Jacqui had wrote this for me to post back in January before she passed away. Jacqui was a fantastic women who was such a fighter and defied all the odds. She was a pleasure to know, read what she wrote and you will agree
Jacqueline Doré -5th November 1952 – 25th January 2012
Diagnosis Tetralogy of Fallot
1952- Royal Children’s Hospital, Liverpool – Blalock-Tausig Shunt
1958- Royal Children’s Hospital, Liverpool – Infundibular resection (closed)
1972- Bristol Royal Infirmary, Bristol – Closure of VSD and resection RV outflow tract obstruction.
1972 – Post op septicaemia requiring a repeat sternotomy for haemorrhage.
2000- Derriford Hospital -Plymouth – VT requiring DC Cardioversion. VT stimulation studies demonstrated VT inducible from RV.
2000- UCL – London – Cardiac catheterisation resulting in dissection of proximal left artery requiring emergency stenting of the LAD. B) Post stenting cardiac catheter required pacing (permanent atrial wire), for bradycardia with slow junctional rhythm. Also developed pulmonary haemorrhage during GA resulting in significant clot in left lung – debunked with forceps with good outcome.
TOE demonstrated massive right heart dilatation, severe regurgitation and pulmonary regurgitation.
2001 – UCL – London- Pulmonary valve replacement with 27mm Bovine pericardial valve and tricuspid repair.
2005 – Derriford Hospital, Plymouth – VT requiring DC Cardioversion. ICD Implanted.
2008 – Atrial Fibrilation, Heart Block – Shocked 9 times ICD Controlled, change of medication – lost licence.
2011 – ICD Box changed. (March)
2011 – Southampton General Hospital – Percutaneous Pulmonary valve – procedure aborted. (Oct)
2011 – Southampton General Hospital – Hybrid Pulmonary Valve replacement – cancelled due to funding issues.
2011 Dec – Jan 2012 – Derriford Hospital - Congestive right-sided heart failure, admitted for diuresis.
Well in spite of my history appearing somewhat daunting, there have been some good times and bad times whilst in hospital. But I will just highlight the good or significant points that I remember.
Whilst in an oxygen tent after my surgery in 1952 at the age of three, I can remember trying to peel back the zip so that I could get a drink of water! Also having a tiny baby placed in my arms and asked to look after it whilst the nurses were cleaning the incubator. How I enjoyed cuddling that tiny baby, even though I was not much more than a baby myself. A week later I got into awful trouble, a little boy and I got out of the ward on to the veranda (balcony) and hid in the coal bunker as we could not get back out again, and tried to eat the coal! We were missing for hours a search mounted around the hospital. It was only when someone came to fill up the coal scuttle they found us. We were placed in a large bath and given a good scrub with a huge scrubbing brush and carbolic soap – ouch how it hurt. The nurse was shouting at me, but being profoundly deaf all I could see was her looking angry and her mouth opening and shutting.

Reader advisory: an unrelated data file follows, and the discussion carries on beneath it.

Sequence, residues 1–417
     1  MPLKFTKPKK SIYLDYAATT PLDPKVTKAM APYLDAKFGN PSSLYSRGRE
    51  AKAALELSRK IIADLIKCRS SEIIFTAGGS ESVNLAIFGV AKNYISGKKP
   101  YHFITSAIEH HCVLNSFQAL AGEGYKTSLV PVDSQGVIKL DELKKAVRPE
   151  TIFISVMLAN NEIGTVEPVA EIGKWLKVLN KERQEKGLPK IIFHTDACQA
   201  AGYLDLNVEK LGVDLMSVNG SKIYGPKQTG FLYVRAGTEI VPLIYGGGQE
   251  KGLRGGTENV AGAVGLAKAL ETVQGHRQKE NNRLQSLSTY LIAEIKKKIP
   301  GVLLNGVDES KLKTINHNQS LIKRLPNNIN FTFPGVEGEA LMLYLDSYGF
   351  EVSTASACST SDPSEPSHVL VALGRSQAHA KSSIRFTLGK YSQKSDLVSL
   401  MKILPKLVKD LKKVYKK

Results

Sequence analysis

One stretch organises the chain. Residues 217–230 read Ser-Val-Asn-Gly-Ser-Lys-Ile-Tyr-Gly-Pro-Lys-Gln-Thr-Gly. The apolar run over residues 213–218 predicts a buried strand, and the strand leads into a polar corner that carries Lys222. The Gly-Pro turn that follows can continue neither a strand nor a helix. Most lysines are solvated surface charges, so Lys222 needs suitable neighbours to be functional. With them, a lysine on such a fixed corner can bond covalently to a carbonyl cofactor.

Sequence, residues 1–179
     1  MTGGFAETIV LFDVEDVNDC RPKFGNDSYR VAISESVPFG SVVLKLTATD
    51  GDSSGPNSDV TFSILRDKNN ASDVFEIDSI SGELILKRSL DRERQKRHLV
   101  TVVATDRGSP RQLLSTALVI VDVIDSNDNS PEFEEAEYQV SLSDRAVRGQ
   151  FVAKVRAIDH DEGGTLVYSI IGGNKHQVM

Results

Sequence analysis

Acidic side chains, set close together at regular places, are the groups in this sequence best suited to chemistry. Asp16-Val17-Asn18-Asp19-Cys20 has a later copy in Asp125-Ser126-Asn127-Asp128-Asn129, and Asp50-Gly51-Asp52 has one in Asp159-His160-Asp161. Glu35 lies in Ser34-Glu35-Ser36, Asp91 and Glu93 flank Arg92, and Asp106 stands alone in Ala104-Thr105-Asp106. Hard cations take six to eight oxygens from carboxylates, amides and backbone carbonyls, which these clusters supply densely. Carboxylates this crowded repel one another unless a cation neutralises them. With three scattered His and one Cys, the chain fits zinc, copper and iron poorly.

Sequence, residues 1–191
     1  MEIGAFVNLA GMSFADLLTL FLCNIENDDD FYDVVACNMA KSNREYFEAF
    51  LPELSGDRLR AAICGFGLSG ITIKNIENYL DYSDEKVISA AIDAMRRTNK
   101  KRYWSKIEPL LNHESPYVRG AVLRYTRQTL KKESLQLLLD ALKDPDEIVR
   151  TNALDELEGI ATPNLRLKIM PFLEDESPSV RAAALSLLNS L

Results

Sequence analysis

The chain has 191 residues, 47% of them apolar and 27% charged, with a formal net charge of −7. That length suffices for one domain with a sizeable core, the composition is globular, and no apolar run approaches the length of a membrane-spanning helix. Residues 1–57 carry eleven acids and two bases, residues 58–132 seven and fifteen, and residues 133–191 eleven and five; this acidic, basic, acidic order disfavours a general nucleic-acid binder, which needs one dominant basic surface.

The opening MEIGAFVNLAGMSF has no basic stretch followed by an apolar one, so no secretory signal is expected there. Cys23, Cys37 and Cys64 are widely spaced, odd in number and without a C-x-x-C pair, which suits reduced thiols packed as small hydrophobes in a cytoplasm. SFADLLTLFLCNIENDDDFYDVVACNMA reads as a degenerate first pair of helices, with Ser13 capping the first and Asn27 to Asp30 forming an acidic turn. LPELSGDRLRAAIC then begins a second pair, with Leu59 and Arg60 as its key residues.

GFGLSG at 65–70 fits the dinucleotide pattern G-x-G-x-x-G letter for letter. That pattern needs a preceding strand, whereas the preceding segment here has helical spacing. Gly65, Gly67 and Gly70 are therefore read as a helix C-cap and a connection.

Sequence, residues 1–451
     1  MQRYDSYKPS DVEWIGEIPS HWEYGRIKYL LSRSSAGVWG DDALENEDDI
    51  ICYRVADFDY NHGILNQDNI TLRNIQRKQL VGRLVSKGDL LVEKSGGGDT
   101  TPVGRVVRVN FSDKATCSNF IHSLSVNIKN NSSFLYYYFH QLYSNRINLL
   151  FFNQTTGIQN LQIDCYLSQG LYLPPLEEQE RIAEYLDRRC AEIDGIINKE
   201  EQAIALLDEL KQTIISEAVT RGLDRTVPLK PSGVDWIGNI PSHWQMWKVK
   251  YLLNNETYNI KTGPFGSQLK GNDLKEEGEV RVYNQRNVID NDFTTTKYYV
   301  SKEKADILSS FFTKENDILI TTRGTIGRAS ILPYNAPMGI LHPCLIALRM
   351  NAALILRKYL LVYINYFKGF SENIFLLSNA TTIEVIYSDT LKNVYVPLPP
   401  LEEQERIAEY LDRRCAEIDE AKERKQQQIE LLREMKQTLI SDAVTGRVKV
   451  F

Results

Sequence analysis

The ward was very large with a huge low square table, with tiny captains chairs. near a large stove fire in the middle of the ward. The fire had an enormous nursery guard, often draped with nappies drying. In the night sat by the flickering fire, were the nurses bottle feeding the babies. Behind my bed was a large window and outside a belisha beacon, flashing away. Even at a tender age I had thoughts of throwing things out the window to put out the light!
I had my third and eight birthday’s in hospital and a lovely cake was made. Father Christmas came and brought us all presents the next month. I did not get to go to the panto – boo. I had a fear of kidney dishes, whenever I saw a nurse coming my way I used to dive under the covers; but soon learnt by observation that if a nurse was approaching me with a kidney dish – followed by two more nurses, that meant injections. Boy – did I put up a fight………
My time in Bristol, was traumatic but life saving, I made several friends and have continued to correspond with them to this day. After one of my ops, I was on a high from the morphine and was convinced little men where coming out of the flowers and dancing all over my bed. – No more flowers.
Whilst in London, back on the main ward surrounded by men and on oxygen, they flitted me to the day room reconnected my tubes and we watched videos and munched through their chocolates. In the afternoons, we all watched Wimbledon. Or rugby matches, the nurses used to say to us all if your blood pressures have gone up we shall remove the television! Hazel watch out.
At Derriford one of the nurses was getting married so they made confetti out of punching holes out of paper and scattered the all over her. Oops someone was coming so a male nurse ran to the loo and came back with a lavatory brush to sweep it up.
The camaraderie you get from other patients, sitting up comforting them and holding their hands and others doing likewise to you is wonderful.
This Christmas we had the Steve from the Hospital radio and the nurses all wore wonderful hats and tights. One had large flowery tights on light Bumble in Alice in Wonderland. Tammy and I create riot in a nice way and it was all over the hospital on the Radio!! The nurses don’t go around the wards singing carols like they used to, the radio made up for it.
Wrote by Jacqueline Doré
15th January 2011